The odds weren't exactly in Stephanie Engle's favor going into Lycoming College's first Hunger Games competition.
The Lycoming College senior missed the training day the night before, and almost immediately after entering the arena, she "lost" an arm.
But Engle was able to push past these disadvantages and was crowned the games' victor.
A team of participants constructs a shelter to stay safe from a storm with dodge ball sized hail at the Lycoming College Hunger Games.
Lycoming College students recently participated in their own version of “Hunger Games” as a fundraiser for Project Hope Alliance to fight world hunger and poverty. Each player dressed in black with flags attached to their bodies that opposing team members and teammates could pull off to earn points and kill opponents. Game rules are read off from behind the banner, as shown at top. Shown above, players chase each other “to the death.”
"I didn't think I was going to make it past the first two rounds, to be honest," Engle said. "I'm just really excited, because I didn't expect to make it this far."
Engle represented District 11, a combination of two campus religious groups, and was one of 24 tributes that took part in Nigel Barnes and Taylor Kendra's re-imagination of the popular book and movie series.
With Barnes acting as president and Kendra as head game maker, the two faithfully adapted the elements of the fictional world to fit a college environment, with a charitable twist. The games raised money toward Project Hope Alliance, which fights poverty and hunger on a global scale, as well as a can drive, which gathered food to be donated locally.
Along with a team of five other game makers, Kendra and Barnes transformed the college's Recreation Center into an arena for the competition.
They designed rounds to challenge the competitors, employing elements from the books like "mutts"-genetic mutations that threaten the tributes' lives (but in the College setting, friends in masks who chased the contestants)-and annoyances to speed the killing along like playing viral song "What Does the Fox Say?" until 5 tributes were killed or $50 was donated to Project Hope Alliance.
"Sort of like how the actual games in the movies, how the game makers call the shots, we've designed the rounds so they're not one hundred percent concrete that that's what's going to happen," Barnes said.
Of course, there was also the pesky issue of tributes not actually being allowed to kill each other, as they do in the source material.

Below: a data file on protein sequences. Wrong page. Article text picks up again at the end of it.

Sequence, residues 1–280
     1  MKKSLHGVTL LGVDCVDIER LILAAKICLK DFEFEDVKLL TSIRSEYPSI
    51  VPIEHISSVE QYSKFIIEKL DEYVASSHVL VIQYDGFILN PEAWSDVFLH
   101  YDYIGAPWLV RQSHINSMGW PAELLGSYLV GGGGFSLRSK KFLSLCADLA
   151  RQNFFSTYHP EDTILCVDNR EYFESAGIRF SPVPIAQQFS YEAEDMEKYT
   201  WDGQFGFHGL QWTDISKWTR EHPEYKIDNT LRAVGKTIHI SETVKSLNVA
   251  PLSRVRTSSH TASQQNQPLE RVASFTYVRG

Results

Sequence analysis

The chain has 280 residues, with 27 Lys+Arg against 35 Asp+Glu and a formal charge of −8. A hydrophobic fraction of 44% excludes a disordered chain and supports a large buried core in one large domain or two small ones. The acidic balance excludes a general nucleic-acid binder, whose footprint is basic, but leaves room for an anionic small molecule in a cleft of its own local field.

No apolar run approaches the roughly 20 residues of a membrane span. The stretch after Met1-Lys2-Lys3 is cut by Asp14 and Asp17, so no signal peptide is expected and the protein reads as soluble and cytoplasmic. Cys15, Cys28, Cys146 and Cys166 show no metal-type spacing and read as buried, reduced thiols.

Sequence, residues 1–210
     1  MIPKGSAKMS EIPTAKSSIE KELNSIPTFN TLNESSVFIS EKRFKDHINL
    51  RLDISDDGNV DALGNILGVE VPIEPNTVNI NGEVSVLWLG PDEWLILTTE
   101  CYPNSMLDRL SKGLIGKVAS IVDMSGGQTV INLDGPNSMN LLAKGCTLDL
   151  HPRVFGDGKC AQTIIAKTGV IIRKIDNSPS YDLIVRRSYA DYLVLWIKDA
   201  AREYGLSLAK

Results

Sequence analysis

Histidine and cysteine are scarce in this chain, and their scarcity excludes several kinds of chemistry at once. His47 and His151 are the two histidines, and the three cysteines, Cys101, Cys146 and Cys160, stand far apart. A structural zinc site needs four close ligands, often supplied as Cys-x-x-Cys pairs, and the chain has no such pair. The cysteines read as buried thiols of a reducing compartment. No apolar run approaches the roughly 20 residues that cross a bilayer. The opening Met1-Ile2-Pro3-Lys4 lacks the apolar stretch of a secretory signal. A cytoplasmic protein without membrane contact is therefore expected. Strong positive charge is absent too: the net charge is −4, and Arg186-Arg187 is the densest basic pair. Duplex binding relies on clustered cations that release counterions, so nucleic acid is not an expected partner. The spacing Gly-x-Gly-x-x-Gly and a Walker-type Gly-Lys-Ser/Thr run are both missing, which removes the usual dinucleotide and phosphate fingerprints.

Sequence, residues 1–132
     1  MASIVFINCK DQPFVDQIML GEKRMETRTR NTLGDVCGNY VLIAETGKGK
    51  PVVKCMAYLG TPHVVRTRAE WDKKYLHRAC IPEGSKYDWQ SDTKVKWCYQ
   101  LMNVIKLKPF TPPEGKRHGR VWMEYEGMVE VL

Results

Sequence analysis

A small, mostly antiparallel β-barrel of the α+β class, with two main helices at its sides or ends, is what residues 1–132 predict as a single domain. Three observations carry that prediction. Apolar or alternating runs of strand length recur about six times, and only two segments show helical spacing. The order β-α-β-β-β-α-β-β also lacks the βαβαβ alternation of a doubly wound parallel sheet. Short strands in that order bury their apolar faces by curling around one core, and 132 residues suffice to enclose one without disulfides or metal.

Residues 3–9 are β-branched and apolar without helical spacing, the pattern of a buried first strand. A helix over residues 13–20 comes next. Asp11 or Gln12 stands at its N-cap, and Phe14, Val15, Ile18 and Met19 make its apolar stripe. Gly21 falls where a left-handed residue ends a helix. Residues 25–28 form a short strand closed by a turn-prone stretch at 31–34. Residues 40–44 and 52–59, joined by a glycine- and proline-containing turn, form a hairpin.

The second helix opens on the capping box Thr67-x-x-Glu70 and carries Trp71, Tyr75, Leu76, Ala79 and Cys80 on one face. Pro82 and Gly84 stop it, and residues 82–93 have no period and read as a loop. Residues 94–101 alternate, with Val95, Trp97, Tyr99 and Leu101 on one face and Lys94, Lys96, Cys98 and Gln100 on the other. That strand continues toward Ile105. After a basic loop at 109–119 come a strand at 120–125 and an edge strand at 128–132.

To get around that, the two masterminds gave tributes nine flags: three around the waist, one for each limb, one on the heart and one on the neck. Losing one of your "vitals" (the heart or neck) or losing all three of your waist flags equaled death. If an arm or leg flag was pulled, tributes had to compete in the rest of the games without using that limb.
"It's like battle royale flag football," Kendra said.
To help tributes, lifelines were made available through sponsor points, which friends of the tributes and observers could build up through their donations.
"We've got sponsors that can help make things better for the tributes in the arena, and maybe it will be giving them back an extra flag they've lost or if they need something else that will help them in the arena for something that we throw at them," Kendra said.
"And as the games go on, certain things that they want or need will cost more sponsor points. And each district has provided a mentor that will be controlling when the sponsor points will be used for them. And some things they can't be helped with. You know if you get your heart ripped out, we're not saving you ... but a limb, yeah, we might be able to buy you a limb again."
Engle benefitted from the sponsor points, regaining a waist flag and eventually an arm flag.
Going into the games with a strategy was just as important as it is in the books, and the tributes were eager to play along.
"At first I wasn't going to go in as an alliance, but it just kind of happened," Engle said.
Engle teamed up with her fellow District 11 tribute Peeta and Katniss style and tried to help her stay in the games, but was unable to help her teammate secure a pair of goggles needed to avoid an airborne "poison" in one of the rounds.
While the games may seem divisive, they served in uniting the college campus and raised $235 in online donations, 80 pounds of canned food and a yet undetermined amount of money through in-person donations. At the end of the day, that was Barnes' goal.
"One of the main things that I really wanted to stress is that even though it's all these clubs and fraternities and sororities competing against each other, it's also a chance to bring the entire campus together in one event for something that's bigger than everybody, really," he said.
The games will continue next year with planning already in the works for the event.